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Colloquium on Computational Biomolecular Science Proc. Natl. Acad. Sci. USA Vol. 95, pp. 5935 5941, May 1998 Colloquium Paper This paper was presented at the colloquium  Computational Biomolecular Science, organized by Russell Doolittle, J.Andrew McCammon, and Peter G.Wolynes, held September 11 13, 1997, sponsored by the National Academy of Sciences at the Arnold and Mabel Beckman Center in Irvine, CA. Architecture and mechanism of the light-harvesting apparatus of purple bacteria XICHE HU, ANA DAMJANOVI, THORSTEN RITZ, AND KLAUS SCHULTEN Beckman Institute and Department of Physics, University of Illinois at Urbana-Champaign, Urbana, IL 61801 ABSTRACT Photosynthetic organisms fuel their metabolism with light energy and have developed for this purpose an efficient apparatus for harvesting sunlight The atomic structure of the apparatus, as it evolved in purple bacteria, has been constructed through a combination of x-ray crystallography, electron microscopy, and modeling. The detailed structure and overall architecture reveals a hierarchical aggregate of pigments that utilizes, as shown through femtosecond spectroscopy and quantum physics, elegant and efficient mechanisms for primary light absorption and transfer of electronic excitation toward the photosynthetic reaction center. The prevalent color green in Earth s biosphere is testimony to the important role that chlorophylls play in harnessing the energy of the Sun to fuel the metabolism of photosynthetic life forms. Chlorophylls are assisted in their light-harvesting role by carotenoids, also widely known through their coloration of petals and fruits in plants. Photosynthetic organisms have evolved intricate aggregates of chlorophylls and carotenoids for efficient light harvesting and exploit in subtle ways the laws of quantum mechanics. This role of chlorophylls and carotenoids has emerged in full detail only recently, when the atomic structures of proteins involved in bacterial photosynthetic light harvesting have been solved by a combination of x-ray crystallography, electron microscopy, and molecular modeling. However, the conceptual foundation for our present understanding of light harvesting was laid long ago, when Emerson and Arnold demonstrated that it required hundreds of chlorophylls to reduce one molecule of CO2 under saturating flash light intensity (1, 2). To explain the cooperative action of these chlorophylls, Emerson and Arnold postulated that only very few chlorophylls in the primary reaction site, termed the photosynthetic reaction center (RC), directly take part in photochemical reactions; most chlorophylls serve as light-harvesting antennae by capturing the sunlight and funneling electronic excitation toward the RC. This notion gave rise to the definition of the photosynthetic unit (PSU) as an ensemble of an RC with associated light-harvesting complexes containing up to 250 chlorophylls, and became widely accepted only when Duysens carried out a critical experiment in which energy transfer between different chlorophylls was observed (3). A wealth of accumulated evidence proves that the organization of PSUs, to surround an RC with aggregates of chlorophylls and associated carotenoids, is universal in both photosynthetic bacteria and higher plants (2, 4 6). Of the known photosynthetic systems, the PSU of purple bacteria is the most studied and best characterized. Fig. 1 depicts schematically the intracytoplasmic membrane of purple bacteria with its primary photosynthetic apparatus. In the PSU, an array of light-harvesting complexes captures light and transfers the excitation energy to the photosynthetic RC. This article focuses on the primary processes of light harvesting and electronic excitation transfer that occur in the PSU, and describes the role of molecular modeling in elucidating the underlying mechanisms. In most purple bacteria, the photosynthetic membranes contain two types of light-harvesting complexes, light-harvesting complex I (LH-I) and light-harvesting complex II (LH-II) (7). LH-I is found surrounding directly the RCs (8, 9), whereas LH-II is not in direct contact with the RC but transfers energy to the RC through LH-I (10, 11). For some bacteria, such as Rhodopseudomonas (Rps.) acidophila and Rhodospirillum (Rs.) molischianum strain DSM 120 (12), there exists a third type of light-harvesting complex, LH-III. A 1:1 stoichiometry exists between the RC and LH-I (9); the number of LH-IIs and LH-IIIs varies according to growth conditions such as light intensity and temperature (13). Purple bacteria absorb light in a spectral region complementary to that of plants and algae, mainly at wavelengths of about 500 nm through carotenoids and above 800 nm through bacteriochlorophylls (BChls). Fig. 2 shows the energy levels for the key electronic excitations in the PSU. There exists a pronounced energetic hierarchy in the light-harvesting system: LH-III absorbs light at the highest energy (800 and 820 nm); the LH-II complex, which surrounds LH-I, absorbs maximally at 800 nm and 850 nm; and LH-I, which in turn surrounds the RC, absorbs at a lower energy (875 nm) (11). The energy cascade serves to funnel electronic excitations from the LH-IIIs and LH-IIs through LH-I to the RC. Time resolved picosecond and femtosecond spectroscopy revealed that excitation transfer within the PSU occurs on a subpicosecond time scale and at near unit (95%) efficiency (14, 15). Today, structures of the major components of the bacterial photosynthetic apparatus are available at atomic resolution. Structures of the RC are known for Rps. viridis (16) as well as for Rhodobacter (Rb.) sphaeroides (17). Recently, high resolution crystal structures of LH-II have been determined for Rps. acidophila (18) and for Rs. molischianum (19). Based on a high degree of homology of the -heterodimer of LH-I from Rb. sphaeroides to that of LH-II of Rs. molischianum (12, 20), an atomic structure for LH-I of Rb. sphaeroides has been modeled (21). Structure of Light-Harvesting Complexes Accordingly, a structural model for the bacterial PSU has been established and consists of LH-IIs, LH-I, and the RC; this model provides detailed knowledge of the organization of 1998 by The National Academy of Sciences 0027 8424/98/955935 7$2.00/0 PNAS is available online at http://www.pnas.org.    Abbreviations: RC, reaction center: PSU: photosynthetic unit; LH-I and LH-II, light-harvesting complexes I and II; BChl, bacteriochlorophyll; PBS, phycobilisome; PCP, peridinin-chlorophyll-protein.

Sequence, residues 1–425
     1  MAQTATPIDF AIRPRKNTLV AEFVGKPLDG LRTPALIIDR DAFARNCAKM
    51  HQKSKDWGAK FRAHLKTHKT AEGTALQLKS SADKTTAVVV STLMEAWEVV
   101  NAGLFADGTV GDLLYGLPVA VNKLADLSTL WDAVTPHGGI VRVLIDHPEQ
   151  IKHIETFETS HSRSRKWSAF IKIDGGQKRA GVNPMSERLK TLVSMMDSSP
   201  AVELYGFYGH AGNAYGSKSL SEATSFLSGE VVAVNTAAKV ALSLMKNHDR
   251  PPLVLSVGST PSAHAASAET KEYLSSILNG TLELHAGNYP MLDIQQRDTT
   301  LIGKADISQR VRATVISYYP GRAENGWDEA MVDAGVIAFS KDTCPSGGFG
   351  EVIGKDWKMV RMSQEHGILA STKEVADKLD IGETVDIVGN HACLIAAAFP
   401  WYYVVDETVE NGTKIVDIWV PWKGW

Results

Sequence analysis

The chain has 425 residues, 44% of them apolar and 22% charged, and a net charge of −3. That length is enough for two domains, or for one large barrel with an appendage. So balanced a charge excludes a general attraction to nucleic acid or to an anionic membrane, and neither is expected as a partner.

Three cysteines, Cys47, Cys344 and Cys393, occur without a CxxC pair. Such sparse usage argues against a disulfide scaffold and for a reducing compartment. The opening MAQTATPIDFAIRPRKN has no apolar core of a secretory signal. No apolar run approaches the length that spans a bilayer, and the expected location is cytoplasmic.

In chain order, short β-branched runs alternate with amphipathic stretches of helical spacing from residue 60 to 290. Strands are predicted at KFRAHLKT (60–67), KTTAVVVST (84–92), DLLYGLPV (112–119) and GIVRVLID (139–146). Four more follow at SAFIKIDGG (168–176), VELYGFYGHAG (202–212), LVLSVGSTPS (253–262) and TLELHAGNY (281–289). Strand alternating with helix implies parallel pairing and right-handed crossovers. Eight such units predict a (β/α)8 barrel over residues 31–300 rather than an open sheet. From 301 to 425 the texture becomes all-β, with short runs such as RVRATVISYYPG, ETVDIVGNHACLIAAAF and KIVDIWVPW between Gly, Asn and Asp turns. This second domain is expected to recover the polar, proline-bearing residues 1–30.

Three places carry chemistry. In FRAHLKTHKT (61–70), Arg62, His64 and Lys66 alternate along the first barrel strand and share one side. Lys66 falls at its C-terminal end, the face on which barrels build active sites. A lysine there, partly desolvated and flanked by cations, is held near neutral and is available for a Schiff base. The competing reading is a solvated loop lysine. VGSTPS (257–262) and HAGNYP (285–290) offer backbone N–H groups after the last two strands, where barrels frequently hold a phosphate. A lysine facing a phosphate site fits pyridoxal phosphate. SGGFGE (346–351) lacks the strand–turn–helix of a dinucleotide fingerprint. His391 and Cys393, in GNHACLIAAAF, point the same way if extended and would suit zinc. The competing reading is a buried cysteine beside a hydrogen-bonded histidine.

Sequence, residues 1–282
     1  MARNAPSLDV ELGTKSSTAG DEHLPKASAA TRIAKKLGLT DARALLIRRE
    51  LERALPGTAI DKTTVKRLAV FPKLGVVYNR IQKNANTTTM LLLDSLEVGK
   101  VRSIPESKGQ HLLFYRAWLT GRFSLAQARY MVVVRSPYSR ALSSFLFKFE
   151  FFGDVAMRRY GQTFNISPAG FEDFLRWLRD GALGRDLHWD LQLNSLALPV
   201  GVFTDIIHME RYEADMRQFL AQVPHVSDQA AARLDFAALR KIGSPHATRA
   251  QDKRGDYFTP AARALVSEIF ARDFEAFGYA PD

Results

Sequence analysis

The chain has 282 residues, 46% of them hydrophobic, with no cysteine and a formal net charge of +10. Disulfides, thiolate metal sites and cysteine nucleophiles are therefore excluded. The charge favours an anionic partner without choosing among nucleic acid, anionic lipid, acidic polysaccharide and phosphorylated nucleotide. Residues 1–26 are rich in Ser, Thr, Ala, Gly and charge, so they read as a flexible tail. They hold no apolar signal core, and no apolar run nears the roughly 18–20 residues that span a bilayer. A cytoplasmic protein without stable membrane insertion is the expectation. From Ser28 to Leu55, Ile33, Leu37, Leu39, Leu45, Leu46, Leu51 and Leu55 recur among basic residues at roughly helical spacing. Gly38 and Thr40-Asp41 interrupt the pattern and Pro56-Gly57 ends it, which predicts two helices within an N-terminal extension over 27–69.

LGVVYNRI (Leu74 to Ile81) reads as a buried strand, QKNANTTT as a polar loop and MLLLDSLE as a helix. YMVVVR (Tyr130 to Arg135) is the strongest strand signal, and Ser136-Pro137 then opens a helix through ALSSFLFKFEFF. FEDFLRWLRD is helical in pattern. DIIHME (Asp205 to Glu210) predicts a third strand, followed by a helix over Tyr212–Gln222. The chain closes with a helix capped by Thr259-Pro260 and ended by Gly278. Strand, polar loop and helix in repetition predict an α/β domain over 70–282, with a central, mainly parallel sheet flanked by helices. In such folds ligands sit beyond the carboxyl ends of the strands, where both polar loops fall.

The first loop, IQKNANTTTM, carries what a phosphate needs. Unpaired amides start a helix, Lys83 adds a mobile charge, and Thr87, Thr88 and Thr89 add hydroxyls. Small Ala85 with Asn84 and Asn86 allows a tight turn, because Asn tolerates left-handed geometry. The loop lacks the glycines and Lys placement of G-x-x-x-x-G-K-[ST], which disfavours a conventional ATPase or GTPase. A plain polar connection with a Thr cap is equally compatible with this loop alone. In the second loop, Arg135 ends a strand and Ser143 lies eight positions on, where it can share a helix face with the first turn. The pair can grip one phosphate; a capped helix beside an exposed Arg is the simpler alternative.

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Colloquium on Computational Biomolecular Science FIG. 1. Schematic representation of the photosynthetic apparatus in the intracytoplasmic membrane of purple bacteria. The RC (red) is surrounded by the light-harvesting complex I (LH-I, green) to form the LH-I-RC complex, which is surrounded by multiple light-harvesting complexes LH-II (green), forming altogether the PSU. Photons are absorbed by the light-harvesting complexes and excitation is transferred to the RC initiating a charge (electron-hole) separation. The RC binds quinone QB, reduces it to hydroquinone QBH2, and releases the latter. QBH2 is oxidized by the bci complex, which uses the exothermic reaction to pump protons across the membrane; electrons are shuttled back to the RC by the cytochrome c2 complex (blue) from the ubiquinone-cytochrome bc1 complex (yellow). The electron transfer across the membrane produces a large proton gradient that drives the synthesis of ATP from ADP by the ATPase (orange). Electron flow is represented in blue, proton flow in red, and quinone flow, likely confined to the intramembrane space, in black. chromophores in the photosynthetic membrane and opens a door to the study of excitation transfer in the PSU based on a priori principles. LH-II. The structure of LH-II from Rs. molischianum had been determined to 2.4 Å resolution (19) and is shown in Fig. 3a. The complex is an octameric aggregate of αβ-heterodimers; the latter contains a pair of short peptides (α- and β-apoproteins) noncovalently binding three BChl a molecules and one lycopene (a specific type of carotenoid). Presumably, there exists a second lycopene for each αβ-heterodimer. The electron density map indeed contains a stretch of assignable density, but the stretch is not long enough to positively resolve the entire lycopene (19). Two concentric cylinders of α-helices, with the α-apoproteins inside and the β-apoproteins outside, form a scaffold for BChls and lycopenes. Fig. 3b depicts the 24 BChl molecules and 8 lycopene molecules in LH-II with all other components stripped away. Sixteen B850 BChl molecules form a continuous overlapping ring of 23 Å radius (based on central Mg atoms of BChls) with each BChl oriented perpendicular to the membrane plane. The Mg–Mg distance FIG. 2. Energy levels of the electronic excitations in the PSU of BChl a containing purple bacteria. The diagram illustrates a funneling of excitation energy toward the photosynthetic RC. The dashed lines indicate (vertical) intracomplex excitation transfer, and the solid lines (diagonal) indicate intercomplex excitation transfer. LH-I exists in all purple bacteria; LH-II exists in most species; LH-III arises in certain species only. FIG. 3. The octameric LH-II complex from Rs. molischianum (19). (a) The α-helical segments are represented as cylinders with the α-apoproteins (inside) in blue and the β-apoprotein (outside) in magenta. The BChl molecules are in green with phytyl tails truncated for clarity. The lycopenes are in yellow, (b) Arrangement of chromophores with BChls represented as squares, and with carotenoids (lycopenes) in a licorice representation. Bars connected with the BChls represent the Qy transition dipole moments as defined by the vector connecting the N atom of pyrrol I and the N atom of pyrrol III (22). Representative distances between central Mg atoms of B800 BChl and B850 BChl are given in Å. The B850 BChls bound to the α-apoprotein and the β-apoprotein are denoted as BS50a and B850b, respectively; BChl B850a′ is bound to the (left) neighboring heterodimer. between neighboring B850a and B850b BChls is 9.2 Å (within an αβ-heterodimer) and between B850a′ and B850b is 8.9 Å (between heterodimers). Eight B800 BChls, forming another ring of 28 Å radius, are arranged with their tetrapyrrol rings nearly parallel to the membrane plane and exhibit a Mg–Mg distance of 22 Å between neighboring BChls, i.e., the BChls are coupled only weakly. The ligation sites for the B850 BChls are α-His-34 and β-His-35, and the B800 BChls ligate to α-Asp-6. Eight lycopene molecules span the transmembrane region: each makes contact with B800 BChl and the B850a BChl. It is remarkable that LH-II results from the self-aggregation of a large number of identical, noncovalently bonded transmembrane helices, BChls, and carotenoids. With its simple, symmetric architecture, LH-II constitutes an ideal model system for studying aggregate formation and adhesive interactions of proteins. Mechanical models reveal perfect self-complementarity of the αβ-heterodimers that interlock with each other to form a circular aggregate (23).